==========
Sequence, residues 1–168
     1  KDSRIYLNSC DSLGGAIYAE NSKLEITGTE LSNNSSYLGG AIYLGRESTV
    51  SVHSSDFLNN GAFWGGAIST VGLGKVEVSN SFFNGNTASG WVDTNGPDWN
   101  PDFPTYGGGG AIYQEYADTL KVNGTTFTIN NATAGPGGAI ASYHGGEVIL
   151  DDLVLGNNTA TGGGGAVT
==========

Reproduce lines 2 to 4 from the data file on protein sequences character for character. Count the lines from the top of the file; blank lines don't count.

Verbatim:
     1  KDSRIYLNSC DSLGGAIYAE NSKLEITGTE LSNNSSYLGG AIYLGRESTV
    51  SVHSSDFLNN GAFWGGAIST VGLGKVEVSN SFFNGNTASG WVDTNGPDWN
   101  PDFPTYGGGG AIYQEYADTL KVNGTTFTIN NATAGPGGAI ASYHGGEVIL